Located just 2.5 hours from Auckland, New Zealand, the Coromandel Peninsula is a little paradise. It’s a great place to escape the hustle and bustle of city life and get some fresh air. The peninsula, 85km long but only 40 km wide, is known for its crystal clear waters and white sandy beaches. But not only that! You can also discover beautiful waterfalls, unspoilt forests and gorges, as well as small villages, each more welcoming than the last. Here are the Top 10 must-sees for your stay on the Coromandel Peninsula.
TOP 10 must-sees on the Coromandel Peninsula
New Chums Beach, best kept secret of Coromandel Peninsula
Let’s start with the must-see in the north of the Coromandel Peninsula, New Chums Beach located in Whangapoua. Certainly one of the best kept secrets of the region.
Indeed, to reach this secret beach, inaccessible from the road, you will have to take a small path along the main beach of Whangapoua. Before arriving at New Chums beach, climb to the viewpoint to admire it from above. The view is breathtaking. It’s like being at the end of the world with this white sandy beach as far as the eye can see. Then go down to enjoy a day on the beach, lazing around and relaxing!
Access and tips: before reaching the small path leading to New Chums beach, you will have to cross the river joining the sea on Whangapoua beach. It is therefore more practical to venture there at low tide if you do not wish to get wet.
Take a trip down the legendary Road 309, a small gravel road linking the west coast town of Coromandel to the east coast town of Whitianga. At 22km long, this road can be a shorter alternative to the main road, as it cuts through the Coromandel Peninsula from east to west through the forest. This road runs along the Mahakirau River and offers a beautiful landscape with dense and wild vegetation. There are many points of interest on this route including the famous Waiau Falls.
Access and tips: the road can be quite narrow in some places so extra caution is advised for larger vehicles. We passed without problem with our Toyota Hiace though.
The famous Road 309 ends in Whitianga on the east coast of the Coromandel Peninsula. This small seaside town, located in Mercury Bay, is known for its proximity to some of the most popular beaches on the Coromandel Peninsula: Cathedral Cove and Hot Water beach, which we will mention later.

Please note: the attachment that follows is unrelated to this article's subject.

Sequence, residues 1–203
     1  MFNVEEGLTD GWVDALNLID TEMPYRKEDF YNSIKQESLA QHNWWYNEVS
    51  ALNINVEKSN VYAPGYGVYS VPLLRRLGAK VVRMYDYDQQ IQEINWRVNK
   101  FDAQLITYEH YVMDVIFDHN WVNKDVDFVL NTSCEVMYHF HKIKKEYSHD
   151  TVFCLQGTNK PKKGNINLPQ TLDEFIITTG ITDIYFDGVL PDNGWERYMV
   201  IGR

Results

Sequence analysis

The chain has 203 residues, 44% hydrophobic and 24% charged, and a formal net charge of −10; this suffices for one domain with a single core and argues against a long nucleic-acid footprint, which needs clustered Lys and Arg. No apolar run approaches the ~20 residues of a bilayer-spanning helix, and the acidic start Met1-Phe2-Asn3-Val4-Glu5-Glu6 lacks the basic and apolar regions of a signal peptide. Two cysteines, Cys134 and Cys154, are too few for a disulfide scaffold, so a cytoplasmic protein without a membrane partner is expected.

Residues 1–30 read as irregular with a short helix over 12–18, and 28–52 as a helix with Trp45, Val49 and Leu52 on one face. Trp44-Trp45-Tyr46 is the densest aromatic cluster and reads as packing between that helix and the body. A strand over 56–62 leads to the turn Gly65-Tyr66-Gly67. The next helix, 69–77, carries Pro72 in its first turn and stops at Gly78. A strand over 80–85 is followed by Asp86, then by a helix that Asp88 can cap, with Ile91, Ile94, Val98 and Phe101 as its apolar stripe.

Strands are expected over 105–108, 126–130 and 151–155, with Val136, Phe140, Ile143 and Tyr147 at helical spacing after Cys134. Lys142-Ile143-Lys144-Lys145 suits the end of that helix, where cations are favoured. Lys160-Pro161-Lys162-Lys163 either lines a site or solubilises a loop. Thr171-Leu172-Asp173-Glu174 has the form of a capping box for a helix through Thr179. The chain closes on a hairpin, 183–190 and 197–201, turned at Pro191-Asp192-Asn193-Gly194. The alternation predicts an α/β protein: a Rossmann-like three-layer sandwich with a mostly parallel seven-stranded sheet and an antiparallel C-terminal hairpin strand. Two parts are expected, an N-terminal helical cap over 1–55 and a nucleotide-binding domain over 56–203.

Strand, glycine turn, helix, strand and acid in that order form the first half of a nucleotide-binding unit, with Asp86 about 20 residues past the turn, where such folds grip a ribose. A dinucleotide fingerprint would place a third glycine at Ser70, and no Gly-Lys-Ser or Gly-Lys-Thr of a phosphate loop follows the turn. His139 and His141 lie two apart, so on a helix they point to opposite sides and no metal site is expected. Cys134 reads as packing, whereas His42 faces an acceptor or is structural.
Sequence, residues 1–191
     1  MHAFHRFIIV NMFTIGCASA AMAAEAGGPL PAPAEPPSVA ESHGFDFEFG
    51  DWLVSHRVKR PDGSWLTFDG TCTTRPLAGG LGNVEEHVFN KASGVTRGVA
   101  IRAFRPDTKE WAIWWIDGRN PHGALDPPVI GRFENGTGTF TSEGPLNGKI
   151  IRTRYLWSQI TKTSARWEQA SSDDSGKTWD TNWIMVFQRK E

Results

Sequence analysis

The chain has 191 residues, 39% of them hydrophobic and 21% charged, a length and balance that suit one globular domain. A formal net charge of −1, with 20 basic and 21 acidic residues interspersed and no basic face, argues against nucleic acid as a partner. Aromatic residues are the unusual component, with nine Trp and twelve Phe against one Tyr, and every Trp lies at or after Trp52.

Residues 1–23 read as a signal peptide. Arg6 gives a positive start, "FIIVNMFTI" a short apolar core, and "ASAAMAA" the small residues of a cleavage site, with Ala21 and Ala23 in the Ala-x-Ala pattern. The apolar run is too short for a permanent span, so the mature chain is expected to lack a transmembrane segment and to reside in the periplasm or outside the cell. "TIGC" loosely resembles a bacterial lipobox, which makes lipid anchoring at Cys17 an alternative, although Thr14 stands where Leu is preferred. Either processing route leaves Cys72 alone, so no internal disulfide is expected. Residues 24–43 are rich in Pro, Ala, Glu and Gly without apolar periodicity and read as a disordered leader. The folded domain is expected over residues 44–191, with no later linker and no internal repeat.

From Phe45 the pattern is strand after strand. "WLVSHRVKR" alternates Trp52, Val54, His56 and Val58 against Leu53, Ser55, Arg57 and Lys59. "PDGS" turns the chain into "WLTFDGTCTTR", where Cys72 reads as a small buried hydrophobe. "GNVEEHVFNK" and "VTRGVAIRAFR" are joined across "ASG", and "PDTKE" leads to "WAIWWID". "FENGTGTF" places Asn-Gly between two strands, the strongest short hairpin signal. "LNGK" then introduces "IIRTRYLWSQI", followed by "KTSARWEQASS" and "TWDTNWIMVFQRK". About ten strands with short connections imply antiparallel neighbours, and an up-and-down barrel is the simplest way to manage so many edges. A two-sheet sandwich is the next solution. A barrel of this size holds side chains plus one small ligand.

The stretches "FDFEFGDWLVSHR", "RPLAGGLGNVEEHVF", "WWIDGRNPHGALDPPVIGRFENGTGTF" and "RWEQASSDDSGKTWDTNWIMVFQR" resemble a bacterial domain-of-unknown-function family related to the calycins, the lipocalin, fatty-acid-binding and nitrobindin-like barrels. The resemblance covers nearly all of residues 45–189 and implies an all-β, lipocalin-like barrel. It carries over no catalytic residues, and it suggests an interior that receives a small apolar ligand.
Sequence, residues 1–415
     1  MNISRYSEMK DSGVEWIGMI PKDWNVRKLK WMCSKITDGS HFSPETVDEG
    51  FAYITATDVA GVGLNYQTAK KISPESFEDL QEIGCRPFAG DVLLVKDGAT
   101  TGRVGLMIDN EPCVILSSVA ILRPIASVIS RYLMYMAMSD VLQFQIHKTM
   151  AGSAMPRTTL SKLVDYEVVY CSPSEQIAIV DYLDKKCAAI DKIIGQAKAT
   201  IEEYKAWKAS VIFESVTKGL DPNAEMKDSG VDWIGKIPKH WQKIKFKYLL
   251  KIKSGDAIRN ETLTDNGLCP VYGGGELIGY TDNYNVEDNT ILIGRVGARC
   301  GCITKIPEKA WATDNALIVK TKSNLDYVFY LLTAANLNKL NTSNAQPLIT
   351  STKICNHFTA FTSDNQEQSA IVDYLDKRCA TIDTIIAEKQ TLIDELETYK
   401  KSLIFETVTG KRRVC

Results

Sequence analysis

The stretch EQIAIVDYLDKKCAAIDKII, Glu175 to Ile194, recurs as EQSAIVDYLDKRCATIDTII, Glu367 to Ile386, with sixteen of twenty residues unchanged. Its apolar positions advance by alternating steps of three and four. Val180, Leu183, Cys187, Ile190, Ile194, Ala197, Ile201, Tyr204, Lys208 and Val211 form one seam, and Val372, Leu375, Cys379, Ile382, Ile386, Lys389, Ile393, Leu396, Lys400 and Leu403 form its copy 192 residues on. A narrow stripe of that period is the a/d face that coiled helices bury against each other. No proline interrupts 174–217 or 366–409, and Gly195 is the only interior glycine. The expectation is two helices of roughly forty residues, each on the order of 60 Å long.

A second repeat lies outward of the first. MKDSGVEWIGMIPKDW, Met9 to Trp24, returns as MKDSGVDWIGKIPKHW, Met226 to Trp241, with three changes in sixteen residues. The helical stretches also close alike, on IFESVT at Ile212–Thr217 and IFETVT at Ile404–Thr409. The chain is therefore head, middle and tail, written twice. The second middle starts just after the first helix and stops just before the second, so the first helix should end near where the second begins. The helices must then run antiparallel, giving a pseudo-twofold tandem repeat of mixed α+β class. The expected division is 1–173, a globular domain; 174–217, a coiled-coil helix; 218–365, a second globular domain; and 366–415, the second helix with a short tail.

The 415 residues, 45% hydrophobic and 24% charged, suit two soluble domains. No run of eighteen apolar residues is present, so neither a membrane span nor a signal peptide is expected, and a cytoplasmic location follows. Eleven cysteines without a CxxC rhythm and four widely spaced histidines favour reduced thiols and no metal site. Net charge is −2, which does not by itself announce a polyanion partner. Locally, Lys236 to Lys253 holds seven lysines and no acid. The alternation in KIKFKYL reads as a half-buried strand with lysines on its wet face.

But this town is also the perfect place to relax. And for good reason, it is here that New Zealand’s first geothermal spa resort is located: The Lost Spring. I recommend adding a relaxing half-day in this little paradise to your itinerary. For a moment, you will feel transported to the Fiji Islands with their music and cocktails that you can enjoy right from the pools. There are different pools available, from the coldest to the hottest, which can reach up to 40ºc.
The setting is truly heavenly! Relaxation guaranteed.
Cook Beach – Shakespeare Cliff
A few kilometres from Whitianga, take a short detour to Cook Beach and see the stunning 180º view of the sea from the Shakespeare Cliff viewpoint. From here you can also discover the small secret beach of Lonely Bay.
Cathedral Cove, THE beach on the Coromandel Peninsula
One of the most photographed beaches in New Zealand! Discover the magnificent beach of Cathedral Cove, the most famous beach of the Coromandel Peninsula and a must-do on the north island of New Zealand. A short 30-minute walk along the shoreline will take you to this idyllic cove. It really looks like a movie set: white sands and turquoise water guaranteed. It is here that a scene from Narnia was filmed. I advise you to go there for the sunrise, it is splendid!
Access and tips: during the summer, the car park of Cathedral Cove is closed, you will have to depart from the small town of Hahei. Count on extra 15 minutes then. Don’t forget to stop in this charming little town and enjoy its large white sandy beach.
Hot water beach
Located less than 10 minutes from Hahei (and thus Cathedral Cove), the beach named Hot Water Beach is a somewhat special beach. Indeed, you can enjoy hot springs by digging your own natural spa in the sand of this beach. Incredible, isn’t it?
Access and tips: the exact spot on the beach where the hot springs are located is only accessible during a 4-hour window (2 hours before and after low tide) so check the tide times upstream. Also, as this spot is very well-known by tourists and locals alike, expect to see many people.
And above all, don’t forget your shovel!
Going down to the south of the east coast, you will pass by Tairua. Stop there for a short walk to the top of Mount Paku. From here you will have a great view of Tairua and Pauanui as well as the Coromandel Peninsula Ranges and Tairua River.
Access and tips: To access this short walk, drive to the Memorial Reserve on Paku Drive where you can park. From here, a path leads through the park around the volcano up to the summit. Some rocks will have to be climbed at the end of the trail to reach the top, but this walk is accessible to pretty much accessible to everyone.
Whangamata & Donut Island
If you’re a surfing enthusiast, Whangamata is the place to be. Its beach is considered one of the best in New Zealand by the Kiwis. Not only because of its surf breaks but also because this place is considered the safest in New Zealand for swimming.
More than just a surfing town, Whangamata is also famous for its wildlife sanctuary: Whenuakura Wildlife Sanctuary. Also known as Donut Island, because of its shape. This reserve has long been kept secret locally but has become a must-see in the region in recent years.